11. Get a job. Any job. Out of work? Can’t find a job? Collecting unemployment? Don’t be a victim. Trust me, I’ve been there. I didn’t have a job during one of the worst years of the recession, and I was broke, and I was depressed, and it was awful. But instead of being a victim, I sucked it up. I had a college education and I felt like so many jobs were beneath me… but I did them anyway. I worked FOUR jobs at one point. FOUR. It was hard. I was tired. But I made it work. You CAN get a job… it might not be your dream job, but you can get a job. Work at McDonald’s. Work at Subway. Work at the mall. Babysit. Tutor. Get a job. You don’t have to stay there forever… any job can give you experience in SOMETHING.
12. Learn how to rock a job interview. Know what to wear, know how to answer tough questions, know how to shake someone’s hand, know how to ASK the right questions…
13. Know about your job’s benefits. What kind of pension or 401K plan does your job offer? Health insurance? Vacation? Sick days? Any kind of tuition assistance or student-loan forgiveness plan? A gym membership? Know all of your options and explore them thoroughly.
14. Learn to read the fine print. If you are signing your name on a dotted line… for ANYTHING, be dang sure you’ve read the fine print. If it’s a gym membership, know how long you’re locked in. If it’s a credit card, know EXACTLY what the fees and interest rates look like now and down the road. If it’s a contract with a realtor… know exactly what you’re getting and what they’re getting. Bottom line is… if you are ever, EVER signing a legal document, you BETTER know exactly what you are signing. Because guess what? If you find out down the road that there’s a stipulation or line in that contract that you don’t like and you’ve already signed it… too bad. You’re stuck. So, get the information now.
15. Learn about taxes. Know the difference between federal, state, and local taxes. Know how much is taken out of your paycheck for each. Know how much is being withheld. Know ahead of time if you’re going to need to set aside some income to pay your taxes later. Know about estimated taxes. Know about deductions. Know how to file your taxes.
16. Know what you need to do to buy a house. What are the steps that are involved in buying a house? What do you need to do to be qualified to buy a house? How much money should you have saved?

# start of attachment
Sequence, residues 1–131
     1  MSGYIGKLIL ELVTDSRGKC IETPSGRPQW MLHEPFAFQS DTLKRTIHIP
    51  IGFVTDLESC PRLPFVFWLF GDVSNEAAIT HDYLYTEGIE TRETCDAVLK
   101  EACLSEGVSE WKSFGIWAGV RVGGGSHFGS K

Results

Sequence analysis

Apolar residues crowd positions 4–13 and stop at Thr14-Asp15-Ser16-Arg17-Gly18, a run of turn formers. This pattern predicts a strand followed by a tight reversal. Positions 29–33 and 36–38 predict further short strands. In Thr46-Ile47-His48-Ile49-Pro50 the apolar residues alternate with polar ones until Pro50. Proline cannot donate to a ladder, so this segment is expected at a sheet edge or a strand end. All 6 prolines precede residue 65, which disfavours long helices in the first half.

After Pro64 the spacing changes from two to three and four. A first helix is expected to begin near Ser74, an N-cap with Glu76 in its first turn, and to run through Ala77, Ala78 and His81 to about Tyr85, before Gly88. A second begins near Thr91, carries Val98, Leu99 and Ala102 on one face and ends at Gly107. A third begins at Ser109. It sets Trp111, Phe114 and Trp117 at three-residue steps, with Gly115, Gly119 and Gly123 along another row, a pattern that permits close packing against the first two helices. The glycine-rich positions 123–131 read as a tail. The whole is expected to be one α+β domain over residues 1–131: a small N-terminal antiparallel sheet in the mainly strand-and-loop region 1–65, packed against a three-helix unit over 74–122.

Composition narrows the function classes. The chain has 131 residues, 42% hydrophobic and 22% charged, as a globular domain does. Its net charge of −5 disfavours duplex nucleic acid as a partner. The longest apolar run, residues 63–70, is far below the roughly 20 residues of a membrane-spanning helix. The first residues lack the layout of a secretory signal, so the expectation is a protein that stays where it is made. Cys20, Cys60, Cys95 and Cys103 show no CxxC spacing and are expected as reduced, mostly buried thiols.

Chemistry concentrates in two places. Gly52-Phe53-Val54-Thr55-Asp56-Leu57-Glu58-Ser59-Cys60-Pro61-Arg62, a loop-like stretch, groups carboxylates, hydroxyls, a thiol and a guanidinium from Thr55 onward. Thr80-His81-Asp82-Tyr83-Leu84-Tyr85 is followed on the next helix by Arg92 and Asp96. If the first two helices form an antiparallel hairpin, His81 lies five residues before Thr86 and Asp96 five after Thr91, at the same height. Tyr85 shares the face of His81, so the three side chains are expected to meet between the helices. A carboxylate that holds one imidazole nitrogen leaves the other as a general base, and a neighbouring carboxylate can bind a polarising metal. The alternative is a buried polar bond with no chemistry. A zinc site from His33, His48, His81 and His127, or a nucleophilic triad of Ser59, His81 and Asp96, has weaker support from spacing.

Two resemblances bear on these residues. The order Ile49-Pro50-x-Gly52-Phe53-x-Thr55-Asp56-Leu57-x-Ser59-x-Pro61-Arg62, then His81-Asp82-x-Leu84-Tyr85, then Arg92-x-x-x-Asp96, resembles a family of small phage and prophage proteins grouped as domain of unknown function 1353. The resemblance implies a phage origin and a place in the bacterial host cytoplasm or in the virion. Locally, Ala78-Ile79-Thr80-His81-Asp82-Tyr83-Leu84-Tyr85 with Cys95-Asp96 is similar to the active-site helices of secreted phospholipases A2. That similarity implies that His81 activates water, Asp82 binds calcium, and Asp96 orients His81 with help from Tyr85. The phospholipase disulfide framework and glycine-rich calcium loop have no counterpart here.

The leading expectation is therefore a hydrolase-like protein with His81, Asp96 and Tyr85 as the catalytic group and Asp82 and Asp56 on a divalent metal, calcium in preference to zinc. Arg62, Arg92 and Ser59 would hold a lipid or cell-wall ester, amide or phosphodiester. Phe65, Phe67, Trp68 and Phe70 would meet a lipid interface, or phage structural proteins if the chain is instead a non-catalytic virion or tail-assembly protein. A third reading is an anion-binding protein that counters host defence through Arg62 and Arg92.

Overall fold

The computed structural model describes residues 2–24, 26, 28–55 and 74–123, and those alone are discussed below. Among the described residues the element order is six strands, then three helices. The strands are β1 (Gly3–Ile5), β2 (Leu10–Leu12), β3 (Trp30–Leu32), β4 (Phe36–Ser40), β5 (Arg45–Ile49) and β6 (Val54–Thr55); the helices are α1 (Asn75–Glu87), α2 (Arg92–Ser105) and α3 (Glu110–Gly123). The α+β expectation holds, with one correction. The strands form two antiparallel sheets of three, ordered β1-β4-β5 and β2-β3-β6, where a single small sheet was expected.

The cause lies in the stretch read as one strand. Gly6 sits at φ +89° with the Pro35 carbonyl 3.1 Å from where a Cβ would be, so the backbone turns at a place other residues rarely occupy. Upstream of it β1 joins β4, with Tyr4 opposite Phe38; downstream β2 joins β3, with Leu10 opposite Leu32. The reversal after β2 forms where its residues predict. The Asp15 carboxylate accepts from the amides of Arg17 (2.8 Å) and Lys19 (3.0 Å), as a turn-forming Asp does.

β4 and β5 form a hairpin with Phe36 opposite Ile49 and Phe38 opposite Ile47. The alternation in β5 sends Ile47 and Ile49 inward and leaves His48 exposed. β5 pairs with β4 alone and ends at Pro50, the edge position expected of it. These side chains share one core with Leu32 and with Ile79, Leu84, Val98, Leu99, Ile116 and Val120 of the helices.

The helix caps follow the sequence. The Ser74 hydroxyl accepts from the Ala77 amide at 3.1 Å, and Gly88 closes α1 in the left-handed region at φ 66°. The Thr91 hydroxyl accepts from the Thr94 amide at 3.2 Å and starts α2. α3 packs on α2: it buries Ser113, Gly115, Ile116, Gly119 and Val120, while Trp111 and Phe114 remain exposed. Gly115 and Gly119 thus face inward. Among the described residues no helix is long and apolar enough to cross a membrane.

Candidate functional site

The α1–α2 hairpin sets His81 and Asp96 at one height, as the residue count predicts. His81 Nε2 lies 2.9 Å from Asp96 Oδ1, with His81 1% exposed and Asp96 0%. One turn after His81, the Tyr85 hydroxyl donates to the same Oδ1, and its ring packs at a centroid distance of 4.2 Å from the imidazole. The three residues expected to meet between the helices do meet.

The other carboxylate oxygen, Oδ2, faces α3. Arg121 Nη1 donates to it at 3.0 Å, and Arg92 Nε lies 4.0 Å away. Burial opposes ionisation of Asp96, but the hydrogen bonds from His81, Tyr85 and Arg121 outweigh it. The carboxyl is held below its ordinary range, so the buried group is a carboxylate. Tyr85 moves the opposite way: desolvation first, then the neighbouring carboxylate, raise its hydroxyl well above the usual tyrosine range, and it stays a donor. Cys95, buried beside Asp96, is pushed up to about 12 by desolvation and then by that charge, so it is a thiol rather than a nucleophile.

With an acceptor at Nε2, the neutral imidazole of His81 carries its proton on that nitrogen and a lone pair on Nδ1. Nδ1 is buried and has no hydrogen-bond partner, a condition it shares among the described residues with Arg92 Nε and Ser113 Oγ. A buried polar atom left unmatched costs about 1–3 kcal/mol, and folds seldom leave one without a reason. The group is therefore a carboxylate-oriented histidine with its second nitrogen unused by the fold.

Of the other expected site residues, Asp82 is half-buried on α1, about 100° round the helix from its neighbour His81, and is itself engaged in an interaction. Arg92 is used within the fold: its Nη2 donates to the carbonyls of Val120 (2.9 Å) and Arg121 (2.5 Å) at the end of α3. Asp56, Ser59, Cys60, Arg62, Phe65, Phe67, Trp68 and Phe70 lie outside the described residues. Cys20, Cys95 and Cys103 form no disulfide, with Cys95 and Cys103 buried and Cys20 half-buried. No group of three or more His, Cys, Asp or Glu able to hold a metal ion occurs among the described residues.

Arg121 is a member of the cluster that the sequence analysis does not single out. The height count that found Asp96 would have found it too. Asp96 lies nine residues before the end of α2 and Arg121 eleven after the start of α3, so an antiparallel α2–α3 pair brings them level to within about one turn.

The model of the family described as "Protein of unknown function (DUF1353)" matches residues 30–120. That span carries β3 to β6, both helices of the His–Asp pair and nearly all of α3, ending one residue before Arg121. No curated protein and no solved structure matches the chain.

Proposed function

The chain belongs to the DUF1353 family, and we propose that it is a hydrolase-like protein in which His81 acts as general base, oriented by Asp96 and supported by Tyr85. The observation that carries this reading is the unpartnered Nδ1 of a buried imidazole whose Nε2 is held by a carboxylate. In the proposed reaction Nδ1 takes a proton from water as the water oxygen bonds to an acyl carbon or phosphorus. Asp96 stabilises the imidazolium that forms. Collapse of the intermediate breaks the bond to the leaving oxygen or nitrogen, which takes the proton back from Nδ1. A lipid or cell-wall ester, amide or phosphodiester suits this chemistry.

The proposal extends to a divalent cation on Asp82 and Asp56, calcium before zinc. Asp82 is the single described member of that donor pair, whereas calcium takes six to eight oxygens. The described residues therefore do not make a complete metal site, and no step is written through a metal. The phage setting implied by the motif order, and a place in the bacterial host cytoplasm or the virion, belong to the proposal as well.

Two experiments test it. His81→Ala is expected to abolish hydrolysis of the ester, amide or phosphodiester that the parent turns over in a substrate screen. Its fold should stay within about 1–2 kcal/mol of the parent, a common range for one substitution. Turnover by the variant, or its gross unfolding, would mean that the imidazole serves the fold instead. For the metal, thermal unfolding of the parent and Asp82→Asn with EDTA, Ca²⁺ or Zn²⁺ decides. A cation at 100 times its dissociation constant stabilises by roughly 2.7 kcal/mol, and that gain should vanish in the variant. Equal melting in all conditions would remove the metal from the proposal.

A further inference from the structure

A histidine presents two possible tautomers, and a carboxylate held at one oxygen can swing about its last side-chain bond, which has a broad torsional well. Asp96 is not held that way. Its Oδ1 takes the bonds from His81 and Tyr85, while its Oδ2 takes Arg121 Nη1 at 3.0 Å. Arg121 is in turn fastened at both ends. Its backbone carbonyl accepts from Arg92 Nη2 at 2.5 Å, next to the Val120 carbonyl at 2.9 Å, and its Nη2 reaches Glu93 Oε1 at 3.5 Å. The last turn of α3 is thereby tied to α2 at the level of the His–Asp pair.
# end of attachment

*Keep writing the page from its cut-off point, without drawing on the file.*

17. Know what’s needed to qualify for a mortgage. You should know exactly what kind of mortgage you are interested in applying for… how much you’d need to put down in order to avoid PMI, etc.
18. Know how to give. Generously. Giving is a huge part of being financially responsible. I am so passionate about giving financially and giving generously… it’s something that brings me so much joy. Know what organizations you’re giving to… research different organizations you might want to partner with financially… If you can’t afford to give financially yet (outside of tithing if you’re a Christian), then find ways to give of your time and talents.
19. Learn about those everyday financial services you don’t even think about. Look at your checking account, savings account, debit cards, etc. What fees are associated with each? Minimum balances? Interest rates? Charges or fees for using an ATM or other bank? Transferring money? Make sure you know the ins and outs of your accounts. All of your accounts.
20. Don’t borrow money from your family. It just gets awkward. Once you’re an adult… you should be paying for things yourself. If your parents or someone wants to gift you some money for something. Okay. That’s fine. But borrowing money from a family member or friend creates an unspoken awkward tension between the both of you until the money is paid back. And what if you can’t pay it back? Well, then that tension just increases and, in most cases, it doesn’t end well.
Well. There you have it. 20 ways to become a financially responsible adult. Now, I realize that this is not the be-all, end-all of lists. And I realize that each item can often have caveats and whatnot… but in general, if you get these 20 things under control and taken care of, well… then you are well on your way to becoming a financially responsible adult.
Anything you’d add to the list?